Good afternoon, everyone and thanks so much for coming out on this gorgeous spring day.
Gracias a todos por venir en este día hermosa. Agradecemos muchísimo su apoyo y también el apoyo de nuestros amigos en el movimiento para escuelas púbicas charter.
I want to thank our partners in advocacy for their support of this event: The Northeast Charter School Network who have been the chief advocates for the plaintiffs in Western New York and, of course, the NYC Charter School Center, who have been unwavering supporters of every charter school in this city.
My name is Steve Zimmerman. I’m the founder of two independent public charter schools in the breathtakingly diverse borough of Queens and I’m the co-director of the Coalition of Community Charter Schools, an organization representing more than 50 independent public charter schools in the five boroughs. I want to speak to you about why we’re here, and then you’re going to hear from some charter school leaders and parents who will speak directly about the affects of inequitable education funding in their own schools and communities.
Venimos hoy para apoyar a las familias de Nueva York poniente en su lucha para justicia en la educación pública.
We’re here today to show our support and stand in solidarity with the brave families on the other side of our state who have filed a lawsuit against New York, which will be heard tomorrow in Erie County Courthouse – 400 miles from here. This lawsuit, Brown v. NY is at the heart of one of the most widespread and perverse inequities affecting a growing number of students throughout the state and we should all be paying attention to it.
Children who attend public charter schools don’t receive nearly the same per-pupil funding as children attending district schools. This disparity, which has existed since the original New York Charter Schools Act of 1998, has widened in the post-recession years as budget freezes were lifted. Studies now estimate that students attending public charter schools in Buffalo are only getting 68 cents for every dollar spent on their peers in district public schools. If we are truly a people who believe in “fair and equal” it’s time to end this.
Brown v NY says the “present system used to fund charters limits the ability of charter schools to provide students with the resources needed to provide a sound basic education” and violates these students’ equal protection rights. Furthermore, since New York charter schools primarily serve minority children and children at risk of academic failure, the suit maintains that the law discriminates against minorities and children at risk.
The facts are clear and we could not agree more.
La injustica educativa afecta a todos.
The NYC Coalition of Community Charter Schools is proud to stand with the families of Western New York in their suit. This is our fight as well. Our “Coalition” is a group of over 50 independent charter schools in the five boroughs. Most New Yorkers haven’t heard of us because we’re not part of large charter networks and we tend to work quietly and effectively in our neighborhoods. But folks in our communities know us and put their kids on long waitlists to get into our schools because it is our mission to provide the innovative, progressive and arts-enriched kind of education that our city ideally wants to provide for every child.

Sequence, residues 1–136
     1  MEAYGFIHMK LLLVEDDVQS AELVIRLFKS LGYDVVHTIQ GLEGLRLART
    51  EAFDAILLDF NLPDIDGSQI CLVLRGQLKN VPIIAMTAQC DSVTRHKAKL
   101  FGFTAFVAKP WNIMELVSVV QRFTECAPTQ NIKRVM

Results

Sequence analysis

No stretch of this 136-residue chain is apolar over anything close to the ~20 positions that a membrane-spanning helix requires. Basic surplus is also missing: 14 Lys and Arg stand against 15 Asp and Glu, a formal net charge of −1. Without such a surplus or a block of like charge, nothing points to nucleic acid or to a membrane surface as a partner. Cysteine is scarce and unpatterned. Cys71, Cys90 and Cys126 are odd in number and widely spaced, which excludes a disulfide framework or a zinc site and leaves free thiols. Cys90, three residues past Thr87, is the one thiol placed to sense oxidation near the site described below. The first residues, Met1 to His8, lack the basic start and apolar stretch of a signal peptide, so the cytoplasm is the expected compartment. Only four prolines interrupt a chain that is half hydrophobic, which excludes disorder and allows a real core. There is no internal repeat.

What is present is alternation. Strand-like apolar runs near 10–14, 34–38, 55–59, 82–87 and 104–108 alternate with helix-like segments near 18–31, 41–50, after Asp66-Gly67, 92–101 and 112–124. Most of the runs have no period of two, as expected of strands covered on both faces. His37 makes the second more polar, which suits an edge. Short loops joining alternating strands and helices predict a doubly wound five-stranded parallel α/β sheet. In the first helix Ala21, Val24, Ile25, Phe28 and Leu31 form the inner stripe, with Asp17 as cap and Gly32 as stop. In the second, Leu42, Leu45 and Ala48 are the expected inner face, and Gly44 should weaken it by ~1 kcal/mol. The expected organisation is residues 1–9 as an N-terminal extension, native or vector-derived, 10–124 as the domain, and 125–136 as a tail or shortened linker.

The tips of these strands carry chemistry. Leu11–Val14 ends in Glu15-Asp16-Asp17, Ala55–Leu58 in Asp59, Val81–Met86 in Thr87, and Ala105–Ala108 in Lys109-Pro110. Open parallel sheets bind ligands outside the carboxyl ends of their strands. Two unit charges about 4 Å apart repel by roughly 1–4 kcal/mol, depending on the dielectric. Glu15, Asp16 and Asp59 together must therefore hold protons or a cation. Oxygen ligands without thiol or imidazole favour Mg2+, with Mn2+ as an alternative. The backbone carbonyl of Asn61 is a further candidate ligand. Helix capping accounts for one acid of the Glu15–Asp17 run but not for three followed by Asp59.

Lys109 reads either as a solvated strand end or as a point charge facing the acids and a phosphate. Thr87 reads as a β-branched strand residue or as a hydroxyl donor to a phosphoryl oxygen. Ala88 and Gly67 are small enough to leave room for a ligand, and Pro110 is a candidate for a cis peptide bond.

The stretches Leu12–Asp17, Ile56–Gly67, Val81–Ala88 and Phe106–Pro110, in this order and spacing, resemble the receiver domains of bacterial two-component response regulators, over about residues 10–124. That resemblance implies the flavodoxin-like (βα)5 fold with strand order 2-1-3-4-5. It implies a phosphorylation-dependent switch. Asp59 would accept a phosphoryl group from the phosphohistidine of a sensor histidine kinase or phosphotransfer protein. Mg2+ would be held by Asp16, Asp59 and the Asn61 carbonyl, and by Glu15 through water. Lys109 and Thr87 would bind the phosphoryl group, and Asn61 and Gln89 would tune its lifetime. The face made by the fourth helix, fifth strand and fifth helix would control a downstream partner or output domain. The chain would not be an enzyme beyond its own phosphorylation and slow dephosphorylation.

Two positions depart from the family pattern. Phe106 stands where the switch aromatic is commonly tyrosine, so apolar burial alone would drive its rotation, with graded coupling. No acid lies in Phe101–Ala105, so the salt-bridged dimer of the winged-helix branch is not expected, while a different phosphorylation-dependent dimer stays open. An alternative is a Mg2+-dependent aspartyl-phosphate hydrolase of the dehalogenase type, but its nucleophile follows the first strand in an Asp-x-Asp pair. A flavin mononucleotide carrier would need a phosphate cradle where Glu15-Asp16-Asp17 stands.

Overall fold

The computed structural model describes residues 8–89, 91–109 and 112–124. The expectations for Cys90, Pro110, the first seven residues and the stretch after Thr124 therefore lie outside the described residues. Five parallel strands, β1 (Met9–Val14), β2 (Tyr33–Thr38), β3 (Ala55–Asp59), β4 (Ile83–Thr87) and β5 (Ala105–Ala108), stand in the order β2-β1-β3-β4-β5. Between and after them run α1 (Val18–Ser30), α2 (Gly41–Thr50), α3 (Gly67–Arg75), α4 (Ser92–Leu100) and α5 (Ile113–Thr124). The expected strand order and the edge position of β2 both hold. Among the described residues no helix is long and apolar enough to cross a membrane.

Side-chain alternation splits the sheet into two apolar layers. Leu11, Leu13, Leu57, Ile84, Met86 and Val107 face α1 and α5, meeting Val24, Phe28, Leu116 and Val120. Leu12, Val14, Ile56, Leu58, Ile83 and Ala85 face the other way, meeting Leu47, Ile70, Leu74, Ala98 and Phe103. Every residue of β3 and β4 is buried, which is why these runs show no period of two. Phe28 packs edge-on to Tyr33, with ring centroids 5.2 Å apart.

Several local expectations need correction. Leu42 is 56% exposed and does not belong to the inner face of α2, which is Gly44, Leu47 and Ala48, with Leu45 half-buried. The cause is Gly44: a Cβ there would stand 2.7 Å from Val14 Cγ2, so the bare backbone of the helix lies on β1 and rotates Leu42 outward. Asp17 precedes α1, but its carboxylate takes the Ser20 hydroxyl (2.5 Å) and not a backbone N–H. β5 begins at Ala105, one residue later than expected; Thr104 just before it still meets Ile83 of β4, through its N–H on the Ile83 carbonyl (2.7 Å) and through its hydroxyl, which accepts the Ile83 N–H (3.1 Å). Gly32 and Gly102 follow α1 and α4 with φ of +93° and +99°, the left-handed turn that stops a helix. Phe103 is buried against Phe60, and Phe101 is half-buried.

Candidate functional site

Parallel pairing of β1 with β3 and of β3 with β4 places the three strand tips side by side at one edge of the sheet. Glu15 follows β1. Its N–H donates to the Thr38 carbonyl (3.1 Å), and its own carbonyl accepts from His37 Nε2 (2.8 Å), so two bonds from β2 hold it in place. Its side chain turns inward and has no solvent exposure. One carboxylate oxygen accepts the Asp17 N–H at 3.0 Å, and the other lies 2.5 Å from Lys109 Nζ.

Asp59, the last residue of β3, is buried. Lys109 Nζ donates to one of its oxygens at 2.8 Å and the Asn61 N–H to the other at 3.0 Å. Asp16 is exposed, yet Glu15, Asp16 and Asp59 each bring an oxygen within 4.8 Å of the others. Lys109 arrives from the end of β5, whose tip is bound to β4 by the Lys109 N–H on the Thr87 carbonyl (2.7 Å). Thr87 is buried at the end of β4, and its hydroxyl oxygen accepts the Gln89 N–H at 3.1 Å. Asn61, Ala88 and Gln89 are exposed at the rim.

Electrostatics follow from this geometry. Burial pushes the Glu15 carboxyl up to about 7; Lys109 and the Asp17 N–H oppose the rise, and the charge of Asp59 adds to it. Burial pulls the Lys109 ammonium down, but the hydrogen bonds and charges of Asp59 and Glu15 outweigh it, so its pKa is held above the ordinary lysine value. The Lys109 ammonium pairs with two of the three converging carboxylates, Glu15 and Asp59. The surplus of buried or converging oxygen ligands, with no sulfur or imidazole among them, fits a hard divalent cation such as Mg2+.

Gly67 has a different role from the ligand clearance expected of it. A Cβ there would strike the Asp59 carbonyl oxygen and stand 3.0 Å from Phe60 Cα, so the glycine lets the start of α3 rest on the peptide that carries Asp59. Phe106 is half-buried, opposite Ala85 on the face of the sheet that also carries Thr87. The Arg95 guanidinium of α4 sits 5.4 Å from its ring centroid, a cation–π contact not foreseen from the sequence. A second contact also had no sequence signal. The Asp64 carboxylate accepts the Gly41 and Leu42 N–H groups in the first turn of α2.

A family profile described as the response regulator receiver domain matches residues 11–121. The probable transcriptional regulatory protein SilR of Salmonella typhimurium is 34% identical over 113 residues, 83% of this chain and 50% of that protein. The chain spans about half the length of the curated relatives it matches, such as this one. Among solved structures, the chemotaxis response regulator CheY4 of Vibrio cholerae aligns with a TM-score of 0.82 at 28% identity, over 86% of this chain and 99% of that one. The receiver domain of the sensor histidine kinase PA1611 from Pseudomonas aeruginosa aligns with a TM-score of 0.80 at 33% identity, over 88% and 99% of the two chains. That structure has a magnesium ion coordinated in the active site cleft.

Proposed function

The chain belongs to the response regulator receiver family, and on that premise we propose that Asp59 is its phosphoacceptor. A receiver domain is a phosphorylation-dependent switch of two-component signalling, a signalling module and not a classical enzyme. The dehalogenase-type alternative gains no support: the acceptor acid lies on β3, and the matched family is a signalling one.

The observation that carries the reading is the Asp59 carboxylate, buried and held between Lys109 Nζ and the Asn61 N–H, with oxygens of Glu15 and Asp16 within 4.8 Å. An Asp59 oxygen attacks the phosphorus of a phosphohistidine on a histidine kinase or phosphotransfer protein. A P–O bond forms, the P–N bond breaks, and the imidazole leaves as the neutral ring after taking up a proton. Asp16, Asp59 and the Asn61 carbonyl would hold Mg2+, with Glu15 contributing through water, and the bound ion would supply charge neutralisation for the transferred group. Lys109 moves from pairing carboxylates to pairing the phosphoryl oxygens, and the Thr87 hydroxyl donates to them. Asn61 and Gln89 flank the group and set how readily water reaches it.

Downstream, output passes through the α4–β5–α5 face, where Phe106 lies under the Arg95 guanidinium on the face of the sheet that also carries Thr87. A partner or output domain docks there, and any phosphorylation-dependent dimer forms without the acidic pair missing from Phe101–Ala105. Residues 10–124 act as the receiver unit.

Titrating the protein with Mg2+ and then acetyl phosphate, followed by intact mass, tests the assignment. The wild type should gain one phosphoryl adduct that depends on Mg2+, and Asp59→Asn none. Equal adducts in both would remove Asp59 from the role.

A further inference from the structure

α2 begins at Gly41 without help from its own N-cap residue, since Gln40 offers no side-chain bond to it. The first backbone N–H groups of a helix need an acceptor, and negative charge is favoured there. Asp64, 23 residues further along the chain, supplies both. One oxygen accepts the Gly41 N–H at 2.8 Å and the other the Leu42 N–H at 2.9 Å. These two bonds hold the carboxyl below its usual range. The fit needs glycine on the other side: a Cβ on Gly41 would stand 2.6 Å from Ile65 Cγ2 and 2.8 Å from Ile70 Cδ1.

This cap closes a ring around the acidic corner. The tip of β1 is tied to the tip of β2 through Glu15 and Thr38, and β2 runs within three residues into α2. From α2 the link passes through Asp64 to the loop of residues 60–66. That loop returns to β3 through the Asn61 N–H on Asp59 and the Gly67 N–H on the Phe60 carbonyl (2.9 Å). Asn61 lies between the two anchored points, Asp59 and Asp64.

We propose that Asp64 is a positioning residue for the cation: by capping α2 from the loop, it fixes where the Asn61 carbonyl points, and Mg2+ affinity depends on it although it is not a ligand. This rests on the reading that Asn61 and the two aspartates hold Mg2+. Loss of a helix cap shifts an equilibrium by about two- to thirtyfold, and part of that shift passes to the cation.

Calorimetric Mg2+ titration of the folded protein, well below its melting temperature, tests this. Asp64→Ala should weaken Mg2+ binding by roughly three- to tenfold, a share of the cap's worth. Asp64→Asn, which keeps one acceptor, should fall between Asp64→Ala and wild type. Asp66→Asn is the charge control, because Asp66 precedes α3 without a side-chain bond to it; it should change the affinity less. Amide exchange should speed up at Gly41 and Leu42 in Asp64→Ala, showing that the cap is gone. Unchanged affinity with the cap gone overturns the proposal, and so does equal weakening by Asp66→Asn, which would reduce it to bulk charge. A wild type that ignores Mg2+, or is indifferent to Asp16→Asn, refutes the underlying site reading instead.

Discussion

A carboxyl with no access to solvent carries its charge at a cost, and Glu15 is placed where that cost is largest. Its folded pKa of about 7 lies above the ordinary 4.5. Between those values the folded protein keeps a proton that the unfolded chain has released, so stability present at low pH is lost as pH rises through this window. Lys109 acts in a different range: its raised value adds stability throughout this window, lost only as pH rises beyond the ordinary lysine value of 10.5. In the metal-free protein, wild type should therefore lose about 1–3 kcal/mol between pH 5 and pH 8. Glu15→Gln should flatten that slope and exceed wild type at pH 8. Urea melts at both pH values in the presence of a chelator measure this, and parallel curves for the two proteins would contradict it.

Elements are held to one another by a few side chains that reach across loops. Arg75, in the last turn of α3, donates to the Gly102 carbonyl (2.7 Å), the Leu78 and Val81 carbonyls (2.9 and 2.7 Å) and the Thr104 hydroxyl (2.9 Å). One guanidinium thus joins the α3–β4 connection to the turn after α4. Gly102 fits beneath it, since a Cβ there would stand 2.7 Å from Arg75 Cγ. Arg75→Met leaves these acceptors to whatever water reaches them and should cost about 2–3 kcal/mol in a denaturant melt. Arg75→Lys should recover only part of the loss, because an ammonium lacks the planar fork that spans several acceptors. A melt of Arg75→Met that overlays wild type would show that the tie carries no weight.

This fight is our fight because charter schools, and especially independent charter schools are the most underfunded public schools in New York City. Not only do we get around 75 percent of the funding of regular district schools, but many of our schools pay all facilities expenses, which means rent, utilities, snow removal, security, roof repairs and everything else that district public schools get for free. Very few independent schools receive the corporate funding typical of network charter schools because most of us are too busy running great community schools to be looking to create the kind of “scale” that attracts investors and funders. And yet, individually, we are held to the highest accountability standards in the state.
We put up with all of this because, as charter schools, we’re granted the autonomy to provide educational services in a way that makes sense to us, and we are free to experiment with new models and create the innovative, exciting public schools to which folks in our communities want to send their kids. You’d want to send your kids to our schools, too!
When Carmen Fariña first became Chancellor and there was the sense of a lot of friction between district and charter schools, she said something that cut to the bottom of the nonsense. She said: “They’re all our students.” Well, that is exactly the point.
Todos son nuestros hijos. Let’s all say that again. Todos son nuestros hijos.
Fair and equal means no one gets shoved to the back of the educational bus—and this is exactly what the folks in Erie County have made clear. It’s morally indefensible and it’s unconstitutional. We cannot say this often or loudly enough: charter schools are public schools and all public school children should be funded equally.